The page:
Children's Press Line
This is Faith Lapidus. And this is Steve Ember with Explorations in VOA Special English. Today we tell about American children serving as news reporters to explore the issues important to them.
The United States is holding a general election on Tuesday. Politicians who are candidates often like to be seen with their children. They believe this shows that they support strong families. But children themselves do not often have a chance to be news reporters writing their own stories about politicians. That is exactly what happens at Children's Press Line, an organization in New York City.
Hundreds of news reporters from all over the world went to Boston, Massachusetts and New York City this summer. They reported about the Democratic and Republican National Conventions. These conventions chose the candidates who are running for president in the election next Tuesday –John Kerry and George W. Bush. Children wearing bright yellow shirts also attended the conventions. They were reporters for Children's Press Line.
Young people make almost all the decisions at Children's Press Line. One young reporter says: "The children do the work, while the adults pay the bills and buy the pizza for us to eat."
Money to operate Children's Press Line comes from individuals and big businesses. Children's Press Line reporters are eight to eighteen years old. Most of them are not able to vote, but they are able to ask difficult questions. One reporter is Emily Olfson, a sixteen-year-old student at the United Nations International School in New York City. Emily says the young reporters want to "question adults who have power about issues that are important to kids."
The young reporters wrote one story about how they prepared for the national conventions. These young people said they want to ask questions that will cause adults to make changes. They also want to inform as many people as possible about issues important to children. They wrote "if we do not know something we will try to find it out, and if someone is stopping us from finding out, that means trouble."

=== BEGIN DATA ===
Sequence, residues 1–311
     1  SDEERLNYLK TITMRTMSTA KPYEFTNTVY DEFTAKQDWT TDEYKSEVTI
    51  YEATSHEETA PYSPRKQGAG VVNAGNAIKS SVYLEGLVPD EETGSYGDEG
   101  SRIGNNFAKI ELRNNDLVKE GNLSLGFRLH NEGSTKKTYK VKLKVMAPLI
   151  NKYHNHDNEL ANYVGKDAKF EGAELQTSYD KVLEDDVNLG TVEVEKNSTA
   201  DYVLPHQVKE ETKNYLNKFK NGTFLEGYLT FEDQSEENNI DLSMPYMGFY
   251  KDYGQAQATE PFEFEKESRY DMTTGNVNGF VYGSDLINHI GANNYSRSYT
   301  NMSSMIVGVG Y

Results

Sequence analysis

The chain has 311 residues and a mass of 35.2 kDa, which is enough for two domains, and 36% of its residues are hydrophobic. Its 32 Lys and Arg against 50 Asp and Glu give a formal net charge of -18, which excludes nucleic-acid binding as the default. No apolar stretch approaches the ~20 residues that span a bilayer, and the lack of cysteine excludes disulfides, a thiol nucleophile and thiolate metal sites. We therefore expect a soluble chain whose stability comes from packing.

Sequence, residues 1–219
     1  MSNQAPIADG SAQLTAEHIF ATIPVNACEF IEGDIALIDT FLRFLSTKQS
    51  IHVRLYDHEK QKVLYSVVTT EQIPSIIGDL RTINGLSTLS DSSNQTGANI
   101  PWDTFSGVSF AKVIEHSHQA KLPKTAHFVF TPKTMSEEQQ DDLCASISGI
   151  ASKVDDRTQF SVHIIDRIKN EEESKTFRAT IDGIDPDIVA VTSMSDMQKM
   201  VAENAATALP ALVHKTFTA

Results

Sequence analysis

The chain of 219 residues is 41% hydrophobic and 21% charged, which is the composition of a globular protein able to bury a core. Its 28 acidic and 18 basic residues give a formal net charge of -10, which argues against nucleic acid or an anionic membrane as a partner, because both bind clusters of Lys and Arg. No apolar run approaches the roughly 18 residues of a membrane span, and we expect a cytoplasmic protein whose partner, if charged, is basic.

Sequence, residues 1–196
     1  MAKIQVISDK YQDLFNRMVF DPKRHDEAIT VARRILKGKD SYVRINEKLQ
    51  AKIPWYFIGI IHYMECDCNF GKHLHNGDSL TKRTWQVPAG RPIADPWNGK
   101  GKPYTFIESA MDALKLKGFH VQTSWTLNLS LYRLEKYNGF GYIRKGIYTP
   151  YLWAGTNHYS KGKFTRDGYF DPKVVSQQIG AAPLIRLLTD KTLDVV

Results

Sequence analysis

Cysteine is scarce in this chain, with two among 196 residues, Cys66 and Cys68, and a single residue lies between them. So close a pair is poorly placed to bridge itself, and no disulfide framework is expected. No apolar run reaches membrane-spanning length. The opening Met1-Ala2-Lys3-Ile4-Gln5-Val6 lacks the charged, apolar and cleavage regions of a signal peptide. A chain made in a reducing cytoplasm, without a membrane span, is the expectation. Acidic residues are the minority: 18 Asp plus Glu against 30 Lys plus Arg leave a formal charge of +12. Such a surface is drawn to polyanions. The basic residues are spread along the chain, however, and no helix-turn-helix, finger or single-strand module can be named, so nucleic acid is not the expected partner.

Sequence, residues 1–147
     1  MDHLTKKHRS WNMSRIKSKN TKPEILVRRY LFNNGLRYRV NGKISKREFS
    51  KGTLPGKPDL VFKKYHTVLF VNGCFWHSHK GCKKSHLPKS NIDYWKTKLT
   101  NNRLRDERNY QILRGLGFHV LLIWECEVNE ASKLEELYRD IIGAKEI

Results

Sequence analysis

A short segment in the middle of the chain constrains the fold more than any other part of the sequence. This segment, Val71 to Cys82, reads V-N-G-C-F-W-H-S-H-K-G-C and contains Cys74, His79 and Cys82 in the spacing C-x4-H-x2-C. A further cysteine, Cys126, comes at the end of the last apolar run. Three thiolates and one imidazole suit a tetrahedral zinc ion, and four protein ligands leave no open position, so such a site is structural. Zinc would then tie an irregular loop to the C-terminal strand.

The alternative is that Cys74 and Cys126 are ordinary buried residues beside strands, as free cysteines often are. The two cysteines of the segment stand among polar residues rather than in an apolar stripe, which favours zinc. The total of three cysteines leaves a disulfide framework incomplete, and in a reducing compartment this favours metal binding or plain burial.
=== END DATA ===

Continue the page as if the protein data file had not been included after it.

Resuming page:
The young reporters decided to research five issues important to children: Education. Homelessness. Children who do not have health care. Young people who are in prison waiting to be executed for committing murder. And the rights of young people who love other young people of the same sex.
The young reporters spent several months learning about these issues. They talked to children who had no homes. They talked to mothers who could not pay for health care for their children. They talked to two young people in prison who were waiting to be executed. All of these talks were written and published for adult readers.
Then the young reporters wrote twenty questions about each issue. They knew they wanted to ask these questions in discussions with members of Congress and elected officials who would be at the national conventions.
Emily Olfson says many of the people being interviewed expected the children to ask easy questions. However, Tarissa Whitely says it is important to write good questions that will get good answers. Tarissa is a sixteen-year-old reporter from New York City. She says the young reporters must ask questions like "why?" or "why not?" She says they should not ask questions that allow a politician to just answer "yes" or "no".
"We want to go deeper. We want to make politicians think," says Tarissa. "We do not want them to give us an answer from a speech they give every day."
She says most politicians at the conventions did answer questions from the young reporters as if they were adults.
In one story, the young reporters wrote: "If the politicians start giving us the same speech they give every day, we say that we do not understand. We ask 'can you explain it in a different way?' Or 'how can you solve this problem?' We want to make them agree to fix the problem. We want to know exactly how they will help kids."
Tarissa says it is important to get people to look at you while they answer your questions. She says: "If someone does not look you in the eye, he may not be telling the truth. Or if someone plays with his fingers, he may not be telling the truth." But Tarissa also says she tries not to let her opinion about a person affect her reporting.